Whale vs Shark, 1909.

WHALE BATTLES SHARK

Seeing a fight between a Shark and a Whale was something entranced the tourists of the Moana Hotel outside of Waikiki at ten o’clock or so in the morning of this past Wednesday.

Just as the tourists usually do when staying at that hotel, they often go out to the lanai to watch the steamships leaving Honolulu Harbor, and that is why they gathered on the lanai to watch the departure of the Steamship Alameda.

When the Alameda was nearing directly outside of the hotel, the jumping of a huge whale was seen, as it kept striking its tail upon the surface of the sea. Continue reading

Advertisements

More on the Alaska-Yukon-Pacific Expo, 1909.

THE HAWAIIAN GIRLS HEADED TO THE EXPOSITION IN SEATTLE

—Advertiser Photo.

Miss M. Mondon  Miss Pauline Evans  Miss Irene Boyd

Mrs. Charles Siemsen  Mrs. Will Cooper  Miss Wattie Holt

It was aboard the steamship Almeda which left on Wednesday that these girls of Honolulu, as shown above in the picture, to go to the exposition being held in Seattle.

They went to go  view the various displays of Hawaii nei sent there to show the world some things from Hawaii nei, the place called the Paradise of the Pacific.

Before their leaving of the beloved community of Hawaii nei, there was held an audience with them along with a party at the residence of Governor Frear on the afternoon of this Tuesday.

They left under the care of Mrs. Will Cooper, and being that Mrs. Knudsen is already at the exposition ground, she will be the kamaaina there who will welcome these girls when they get there.

[See how much clearer the digital image available on Chronicling America is of the same picture in the Pacific Commercial Advertiser from the front page of 5/26/1909. Hopefully someday soon we will be able to rescan all of the Hawaiian-Language Newspapers to get the clearest images of not only the pictures, but of the text, so everything is clearly legible!]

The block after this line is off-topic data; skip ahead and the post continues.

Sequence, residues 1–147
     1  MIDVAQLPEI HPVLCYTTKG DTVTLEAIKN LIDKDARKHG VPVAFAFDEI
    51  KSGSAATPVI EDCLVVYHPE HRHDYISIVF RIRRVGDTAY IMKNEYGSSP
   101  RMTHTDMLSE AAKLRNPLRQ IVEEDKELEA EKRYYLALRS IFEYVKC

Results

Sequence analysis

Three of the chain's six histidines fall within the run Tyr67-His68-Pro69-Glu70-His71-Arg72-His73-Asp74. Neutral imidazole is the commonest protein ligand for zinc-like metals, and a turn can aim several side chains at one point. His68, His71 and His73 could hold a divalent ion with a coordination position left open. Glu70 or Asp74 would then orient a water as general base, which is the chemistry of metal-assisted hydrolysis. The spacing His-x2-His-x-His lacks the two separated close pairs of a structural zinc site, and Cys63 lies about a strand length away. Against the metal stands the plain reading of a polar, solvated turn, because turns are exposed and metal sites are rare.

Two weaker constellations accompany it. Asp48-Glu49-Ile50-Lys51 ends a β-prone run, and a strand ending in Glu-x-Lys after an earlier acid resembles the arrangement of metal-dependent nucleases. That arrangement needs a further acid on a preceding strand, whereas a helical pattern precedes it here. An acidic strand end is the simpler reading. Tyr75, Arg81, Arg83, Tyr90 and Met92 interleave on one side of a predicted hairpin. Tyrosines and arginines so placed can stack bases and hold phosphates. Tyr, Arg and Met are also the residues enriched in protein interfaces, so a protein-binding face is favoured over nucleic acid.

(Kuokoa, 5/28/1909, p. 1)

NA KAIKAMAHINE HAWAII NO KA HOIKEIKE MA SEATTLE

Ka Nupepa Kuokoa, Buke XLVI, Helu 22, Aoao 1. Mei 28, 1909.

Kawaihau Glee Club off to San Francisco. 1905.

The Famous Singing Group “Kawaihau”

They Left for Afar.

“E nihi ka helena mai hoopa; [Tread carefully, don’t touch;]
Mai pulale i ka ike a ka maka [Don’t get excited by what the eye sees:]
Hookahi no makamaka o ke ALOHA [There is but one companion, that is ALOHA];
A hea mai ia Kawaihau e kipa. [Calling out to Kawaihau to come visit.]”¹

Aboard the deck of the steamship Alameda that moved swiftly on to the Golden Gate of California on the morning of Wednesday was seen the members of the famed singing group “Kawaihau” standing like officers of the ship while garlands of fragrant flowers of the beloved land hung about their necks; they wore the lei like a beloved sweetheart ever imbuing fragrance in their bosom. They were seen inhaling for the last time the adornment familiar to them as they were leaving for the great sea headed for foreign lands; and they were seeing for the last time the verdure of the land which disappeared from their eyes for who knows how long.

Not just them, but also there were the companions to curl up together in the cold nights—their wives, there to kiss their cheeks for the last time, which they sealed threefold with love, as

“O ka hao a ka ua i na pali [The assault of the rain in the cliffs]
Pale oe, pale au, pale kaua.” Aloha no! [I fend off, you fend off, we both fend off.”² Aloha!]

Just as reported earlier in the Kuokoa of last week, so did this group carry out, and today they are travelling over the ocean to fulfill the contract made with them.

This past Monday that dance advertised earlier in the Kuokoa was held, and the venue where the event took place was filled with the multitudes of Honolulu; perhaps they knew that this gathering would be the last they’d hear the singing of the performers of this group, and that is probably why Honolulu’s people thronged there and gave their aloha to the boys of the band.

In the picture above, you can see the boys who went, although some of them are currently with the Hawaiian Band in San Francisco and will meet up with their companions who left.

¹Play on the chorus of Kalakaua’s “E Nihi ka Hele.”
²Anyone know what mele this might come from?

[This is who played at that huge wedding celebration in Pauoa attended by Kaiulani in 1898 (the articles posted yesterday)]

(Nupepa Kuokoa, 9/22/1905, p. 1)

Ua Hala i'o Aku la Lakou

Ka Nupepa Kuokoa, Buke XLIII, Helu 38, Aoao 1. Sepatemaba 22, 1905.